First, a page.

Les Dauphins: Romancing the Côtes du Rhône from an era gone by

Les Dauphins Cotes du Rhone
Often it is the wine label that intrigues one to sample a bottle of wine. Such was the case when I was sent two bottles of Les Dauphins Côtes du Rhône to review.

As an art major in college, one of my favorite art movements is Art Nouveau. The organic style and use of natural forms and curved lines were very apparent and quite evident in the poster and graphic art of that period. Such artists as Toulouse – Lautrec, and Mucha defined the style in their posters. The Les Dauphins’ label brings forth an image of that period of time and as I sipped the wine it made me feel as if I should be in a bistro or café in Paris.

As it turns out the history of Les Dauphins begins in the 1920s and the winery was developed with the concept to create “delicious wines that fueled a creative revolution in bistros across Paris”. This was a time when artists, musicians, and writers come together sharing ideas. Writers like Hemingway and artists like Picasso were at the forefront of this movement.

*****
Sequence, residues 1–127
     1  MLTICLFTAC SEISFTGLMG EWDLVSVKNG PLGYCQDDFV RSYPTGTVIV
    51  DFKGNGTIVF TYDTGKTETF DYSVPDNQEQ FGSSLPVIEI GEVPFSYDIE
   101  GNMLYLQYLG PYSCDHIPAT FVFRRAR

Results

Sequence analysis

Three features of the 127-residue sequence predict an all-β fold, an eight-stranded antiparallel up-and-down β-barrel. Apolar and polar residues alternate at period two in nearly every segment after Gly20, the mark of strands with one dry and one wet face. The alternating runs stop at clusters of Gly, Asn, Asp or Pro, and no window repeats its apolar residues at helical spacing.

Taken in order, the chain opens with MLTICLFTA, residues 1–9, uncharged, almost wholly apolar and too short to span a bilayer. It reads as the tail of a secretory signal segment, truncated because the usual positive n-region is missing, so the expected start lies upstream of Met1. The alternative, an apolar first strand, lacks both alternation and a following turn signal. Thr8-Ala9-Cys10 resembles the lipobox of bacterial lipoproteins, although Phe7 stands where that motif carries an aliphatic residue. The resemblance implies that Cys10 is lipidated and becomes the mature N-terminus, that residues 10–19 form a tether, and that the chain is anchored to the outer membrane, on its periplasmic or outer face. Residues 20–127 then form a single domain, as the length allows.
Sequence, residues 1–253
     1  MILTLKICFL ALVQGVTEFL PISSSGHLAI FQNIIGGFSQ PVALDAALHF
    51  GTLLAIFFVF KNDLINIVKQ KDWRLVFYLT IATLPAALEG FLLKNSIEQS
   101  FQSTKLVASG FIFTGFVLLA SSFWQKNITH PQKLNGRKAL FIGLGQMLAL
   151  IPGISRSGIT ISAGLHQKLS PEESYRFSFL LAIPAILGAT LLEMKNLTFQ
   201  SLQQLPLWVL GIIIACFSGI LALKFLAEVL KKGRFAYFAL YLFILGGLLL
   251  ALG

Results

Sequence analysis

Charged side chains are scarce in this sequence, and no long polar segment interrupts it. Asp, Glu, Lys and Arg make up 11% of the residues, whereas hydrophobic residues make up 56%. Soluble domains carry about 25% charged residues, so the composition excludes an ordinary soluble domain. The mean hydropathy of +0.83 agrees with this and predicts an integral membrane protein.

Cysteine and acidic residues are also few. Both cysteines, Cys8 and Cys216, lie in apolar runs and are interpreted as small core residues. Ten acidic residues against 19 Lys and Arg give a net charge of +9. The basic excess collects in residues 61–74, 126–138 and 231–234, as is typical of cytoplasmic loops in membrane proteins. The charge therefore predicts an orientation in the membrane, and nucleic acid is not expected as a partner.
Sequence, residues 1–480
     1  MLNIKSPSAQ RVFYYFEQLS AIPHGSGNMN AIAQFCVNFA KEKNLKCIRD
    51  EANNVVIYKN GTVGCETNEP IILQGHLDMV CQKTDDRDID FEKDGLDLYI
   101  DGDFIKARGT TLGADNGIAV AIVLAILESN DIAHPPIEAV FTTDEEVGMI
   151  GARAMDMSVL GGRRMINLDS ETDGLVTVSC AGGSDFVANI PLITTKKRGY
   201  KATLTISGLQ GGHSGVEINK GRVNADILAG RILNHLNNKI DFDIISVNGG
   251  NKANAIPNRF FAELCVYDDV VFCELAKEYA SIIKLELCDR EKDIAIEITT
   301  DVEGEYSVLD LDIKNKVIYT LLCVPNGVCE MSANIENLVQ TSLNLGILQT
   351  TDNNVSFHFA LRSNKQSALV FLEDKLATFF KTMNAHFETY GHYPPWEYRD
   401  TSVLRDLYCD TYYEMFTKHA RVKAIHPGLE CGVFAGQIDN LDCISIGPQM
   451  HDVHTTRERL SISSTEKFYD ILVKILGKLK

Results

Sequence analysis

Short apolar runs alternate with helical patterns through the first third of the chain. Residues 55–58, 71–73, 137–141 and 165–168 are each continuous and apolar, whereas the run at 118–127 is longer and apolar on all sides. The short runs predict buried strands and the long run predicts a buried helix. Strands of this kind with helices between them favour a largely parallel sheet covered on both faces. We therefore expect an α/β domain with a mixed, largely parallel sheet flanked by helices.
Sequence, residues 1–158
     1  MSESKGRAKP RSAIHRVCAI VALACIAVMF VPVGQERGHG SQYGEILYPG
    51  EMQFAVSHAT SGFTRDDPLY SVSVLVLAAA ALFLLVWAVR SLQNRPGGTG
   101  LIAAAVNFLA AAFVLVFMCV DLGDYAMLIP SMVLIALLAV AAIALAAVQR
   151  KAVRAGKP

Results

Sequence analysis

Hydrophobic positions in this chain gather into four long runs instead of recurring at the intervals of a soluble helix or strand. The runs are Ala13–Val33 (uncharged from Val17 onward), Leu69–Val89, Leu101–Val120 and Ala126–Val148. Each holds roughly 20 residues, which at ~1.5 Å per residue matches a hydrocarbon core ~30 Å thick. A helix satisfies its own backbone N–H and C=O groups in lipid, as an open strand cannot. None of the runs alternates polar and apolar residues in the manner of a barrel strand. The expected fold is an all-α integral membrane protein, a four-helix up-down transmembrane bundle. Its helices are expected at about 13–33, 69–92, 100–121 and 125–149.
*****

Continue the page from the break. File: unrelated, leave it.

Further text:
Côtes du Rhône

Les Dauphins vineyards are located in the southern portion of France’s Rhone Valley. Known as the Côtes du Rhône the wines consist primarily of Grenache and Syrah.

The first wine I sampled from Les Dauphins was the 2014 Côtes du Rhône Villages Puyméras Rouge. The wine is a blend of 70% Grenache, 20% Syrah and 10% Carignan. This is a medium-bodied wine that on first taste is very tart with cranberry flavors. I sampled this wine over a two-day period. On the second day, the wine was more fruit-forward and hints of black pepper were quite apparent.

The second wine from Les Dauphins was the 2015 Côtes du Rhône Réserve Rouge. This wine is a combination of 70% Grenache, 25% Syrah and 5% Mouvédre. The wine is more fruit-forward than the Puyméras. I could definitely taste the additional Syrah, which is what makes this wine more fruit-forward and the fact that the wine is a year younger. I found earthy flavors of blackcurrant and notes of white pepper.

Both wines are excellent but the Puyméras seemed softer perhaps because this wine was a little older.

While drinking both wines and visualizing myself sitting at the turn of the century in a Paris café, I understand why this winery’s philosophy is about bringing out the “pleasure and versatility” and at the same time letting the wines express themselves with a unique freshness.